Can I put the problem in the background?
Yes. It's quite common for the problem to come out naturally in the discussion of the prior art. This reflects the conventional British (and thus Australian) drafting style. In my view, if you ignored IP Australia's suggestion in this case, you would be simply following the path tread by many attorneys who also do so.
To be honest though, I can't see it makes any difference where you have the heading "summary". The text probably wouldn't change in either case. For example:
Existing motor vehicles provide a seat on which passengers can sit during operation of the device.
So here, we have given a brief discussion of the prior art (as you see it). Anything you place here is effectively admitted as being prior art, so you should be mindful not to explain too much.
SUMMARY (first possible placement)
In existing motor vehicles, during collisions, passengers would tend to be propelled from the seat through the windscreen, which many passengers find undesirable, along with leading to likely damage of the windscreen. There is therefore a need for a means which ameliorates this, or at least provides the public with a useful choice.
Here, the prior art ("existing motor vehicles") has a problem (passenger propulsion during collisions), which the present application looks to address. The solution is then set out, along with comments as to the benefits of the solution. For example:
SUMMARY (second possible placement)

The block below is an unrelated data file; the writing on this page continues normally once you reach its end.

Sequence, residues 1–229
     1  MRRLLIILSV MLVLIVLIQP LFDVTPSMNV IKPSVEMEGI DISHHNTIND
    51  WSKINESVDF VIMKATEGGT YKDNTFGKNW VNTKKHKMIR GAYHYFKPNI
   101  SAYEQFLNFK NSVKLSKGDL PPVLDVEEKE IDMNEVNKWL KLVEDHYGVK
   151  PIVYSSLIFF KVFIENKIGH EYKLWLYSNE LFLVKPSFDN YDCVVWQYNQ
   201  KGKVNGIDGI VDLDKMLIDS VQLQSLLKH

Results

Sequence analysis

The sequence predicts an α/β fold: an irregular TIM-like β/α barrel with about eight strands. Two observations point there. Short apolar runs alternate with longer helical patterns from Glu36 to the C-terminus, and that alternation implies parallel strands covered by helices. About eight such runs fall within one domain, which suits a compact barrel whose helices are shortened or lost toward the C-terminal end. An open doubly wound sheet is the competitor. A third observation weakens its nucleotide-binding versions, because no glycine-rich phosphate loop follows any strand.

In a first aspect, there is disclosed a seat comprising a belt.
On collision, the belt restrains the passenger, reducing the change of propulsion of the passenger during collision.
Here, the "first aspect" mirrors the first independent claim, and you've explained how the subject matter of claim 1 addresses the problem you identified above.
Why do this at all?
By way of background, the format that IP Australia provides on this was agreed by the IP5 (that is, USPTO, EPO, SIPO, KIPO and JPO) to align the structure of patents across the offices. In principle, by following this, no office would have an objection.
Despite the USPTO being part of the IP5, this approach is kind of anathema to US-style drafting, as Aldo noted. If your only key market is the US, it might be sensible to jettison this approach. It really depends what your plans are.
By following this approach, you are essentially setting out your argument for an inventive step (though without explicitly arguing why it's non-obvious). This allows you to frame arguments during prosecution better, and improves your chance of a smooth prosecution. In contrast, if you don't include this, there is a risk that the examiner will see your improvement as being an obvious design variation of existing systems with no advantageous effects, and therefore lacking an inventive step.
In Australia, you have a bit of freedom with subsequent arguments if this happens. However, in stricter jurisdictions (notably the EPO), this kind of problem–solution–effect statement is extremely helpful. Without it, you're generally very limited in what you can argue.